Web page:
Podcast #128: We chat with Kent C Dodds about why he loves React and discuss what life was like in the dark days before Git. Listen now.

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You can look at the paper Gradient-Based Learning Applied to Document Recognition (1998) by Yann LeCun et al., which reviews and compares various methods applied to handwritten character recognition and shows that CNNs outperform all other methods. Also, I suggest Andrew Ng's CNN videos.


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Is the image taken from a constant distance? If yes, you'd need to scale the images to the same dimensions first of all. For few images say 100-500 images (more the better) you'd need to label the dataset by proper scaling. Once labeled, use it to train a CNN (Although best would be training a ResNet). Once trained with decent accuracy, test it for the ...


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If you have stero pairs, and you can identify the objects in the scene, you do not need a neural network, you can just use triangulation. If you need to identify which objects in the scene are the same, you have an image segmentation problem. Depending on your problem and the amount of data you have access to, you may be able to use simple techniques like ...


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Chapter 9 of the book Deep Learning (2016), by Goodfellow et al., describes the convolutional (neural) network (CNN), its main operations (namely, convolution and pooling) and properties (such as parameter sharing). There's also the article From Convolution to Neural Network, which first introduces the mathematical operation convolution and then describes ...


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I'm not sure if this is what you are looking for but I find Goodfellow's book a pretty good resource: Goodfellow, specifically Section 2, Chapter 9 deals with convolutional neural networks: https://www.deeplearningbook.org/ 'Pattern Recognition and Machine Learning' by Bishop Might contains a section (5.5.5, pg 267 onwards) as well as an exercise, and a ...


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Chris Olah's work is always inspired, and not too technical as one would expect. He has several papers on CNNs on his website. In particular, check the series titled "Convolutional Neural Networks" with four papers on the topic.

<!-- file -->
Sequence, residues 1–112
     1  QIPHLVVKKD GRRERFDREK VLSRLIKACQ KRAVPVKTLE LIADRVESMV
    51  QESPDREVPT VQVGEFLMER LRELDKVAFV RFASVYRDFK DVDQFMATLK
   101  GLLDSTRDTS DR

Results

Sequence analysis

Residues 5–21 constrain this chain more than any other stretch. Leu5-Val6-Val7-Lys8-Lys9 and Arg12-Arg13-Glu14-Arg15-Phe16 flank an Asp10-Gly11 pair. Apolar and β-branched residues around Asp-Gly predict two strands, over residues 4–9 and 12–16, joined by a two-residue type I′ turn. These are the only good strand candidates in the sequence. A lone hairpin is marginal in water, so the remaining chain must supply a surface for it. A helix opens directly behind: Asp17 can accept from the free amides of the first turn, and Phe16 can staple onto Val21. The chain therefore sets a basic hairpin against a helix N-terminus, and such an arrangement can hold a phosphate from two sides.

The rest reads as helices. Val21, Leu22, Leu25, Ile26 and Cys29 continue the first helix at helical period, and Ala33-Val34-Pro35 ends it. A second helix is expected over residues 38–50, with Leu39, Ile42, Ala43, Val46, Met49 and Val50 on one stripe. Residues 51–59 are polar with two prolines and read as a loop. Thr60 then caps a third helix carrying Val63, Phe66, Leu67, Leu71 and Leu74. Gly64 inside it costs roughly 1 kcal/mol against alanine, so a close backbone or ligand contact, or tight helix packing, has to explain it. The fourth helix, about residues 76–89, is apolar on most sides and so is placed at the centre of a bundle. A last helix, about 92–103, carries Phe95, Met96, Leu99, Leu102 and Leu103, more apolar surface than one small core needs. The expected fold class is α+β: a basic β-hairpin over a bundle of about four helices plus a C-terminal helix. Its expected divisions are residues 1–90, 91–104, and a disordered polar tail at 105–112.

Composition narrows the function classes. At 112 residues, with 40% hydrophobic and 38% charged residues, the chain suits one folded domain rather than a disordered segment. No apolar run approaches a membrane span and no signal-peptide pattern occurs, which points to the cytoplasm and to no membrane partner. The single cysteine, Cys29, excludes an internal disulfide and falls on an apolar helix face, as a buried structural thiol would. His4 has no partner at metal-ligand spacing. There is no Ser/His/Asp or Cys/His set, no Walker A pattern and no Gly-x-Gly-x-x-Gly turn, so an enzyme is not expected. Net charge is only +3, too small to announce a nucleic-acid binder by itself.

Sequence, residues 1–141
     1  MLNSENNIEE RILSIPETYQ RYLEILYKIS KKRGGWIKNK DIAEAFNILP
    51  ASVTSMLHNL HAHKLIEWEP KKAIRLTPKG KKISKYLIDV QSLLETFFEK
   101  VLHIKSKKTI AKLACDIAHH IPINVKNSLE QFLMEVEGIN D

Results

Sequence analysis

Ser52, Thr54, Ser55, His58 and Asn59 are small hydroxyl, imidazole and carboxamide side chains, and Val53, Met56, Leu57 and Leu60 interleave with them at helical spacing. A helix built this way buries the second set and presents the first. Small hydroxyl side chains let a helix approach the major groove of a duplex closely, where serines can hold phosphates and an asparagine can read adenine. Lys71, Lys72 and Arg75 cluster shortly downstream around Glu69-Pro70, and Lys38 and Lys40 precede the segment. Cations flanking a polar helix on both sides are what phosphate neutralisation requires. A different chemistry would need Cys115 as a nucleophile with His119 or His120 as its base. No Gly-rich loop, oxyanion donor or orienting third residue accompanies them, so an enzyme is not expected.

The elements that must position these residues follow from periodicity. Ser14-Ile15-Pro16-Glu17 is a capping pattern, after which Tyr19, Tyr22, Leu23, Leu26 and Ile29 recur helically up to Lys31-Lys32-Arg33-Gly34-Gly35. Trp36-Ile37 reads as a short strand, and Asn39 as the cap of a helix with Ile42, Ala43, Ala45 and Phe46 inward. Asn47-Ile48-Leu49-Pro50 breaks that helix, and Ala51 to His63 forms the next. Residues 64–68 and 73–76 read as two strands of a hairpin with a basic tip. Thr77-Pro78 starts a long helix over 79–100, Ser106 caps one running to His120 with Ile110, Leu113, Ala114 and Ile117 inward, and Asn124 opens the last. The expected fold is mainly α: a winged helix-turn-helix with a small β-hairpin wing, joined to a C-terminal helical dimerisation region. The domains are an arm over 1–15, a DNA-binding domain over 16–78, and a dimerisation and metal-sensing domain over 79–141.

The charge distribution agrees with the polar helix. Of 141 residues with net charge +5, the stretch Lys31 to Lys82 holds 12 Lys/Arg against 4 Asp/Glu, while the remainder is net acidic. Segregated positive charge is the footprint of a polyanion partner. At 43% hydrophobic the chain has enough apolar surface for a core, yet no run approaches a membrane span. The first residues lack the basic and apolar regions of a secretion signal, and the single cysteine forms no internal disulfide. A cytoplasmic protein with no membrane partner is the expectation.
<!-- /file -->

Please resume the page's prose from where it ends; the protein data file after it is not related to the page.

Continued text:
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Here are two review articles: Elsken, Metzen, Hutter: Neural Architecture Search: A Survey (2019), Journal of Machine Learning Research 20, 1-21 He, Zhao, Chu: AutoML: A Survey of the State-of-the-Art (2019)


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MOEAs sounds very cool, but I feel that you can't really talk about conflict in AI without discussing generative adversarial networks (GANs), which have been shown to have amazing performance by training a model to say detect in-between pictures of cats and dogs and an adversarial network being trained to create pictures to attempt to trick the training ...


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The following articles Ising models for networks of real neurons (2006) by Gasper Tkacik et al. Deep neural networks for direct, featureless learning through observation: The case of two-dimensional spin models (2018) by Kyle Mills et al. Inverse Ising inference by combining Ornstein-Zernike theory with deep learning (2017) by Soma Turi, Alpha A. Lee et al. ...


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There are multi-objective optimization problems, where the objective functions may be in conflict with each other, which can potentially have multiple Pareto-optimal solutions. The paper Multi-objective optimization using genetic algorithms: A tutorial (2006) gives a good overview of the multi-objective optimization problem with genetic algorithms, which can ...


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I'll recommend two sources: The venerable Russell & Norvig book, which is a common text in AI courses. Russell & Norvig end each chapter with a summary of the history of the developments of the techniques they have just discussed. These sections are often skipped by novice readers, but are almost exactly what you are looking for. The ones in the ...


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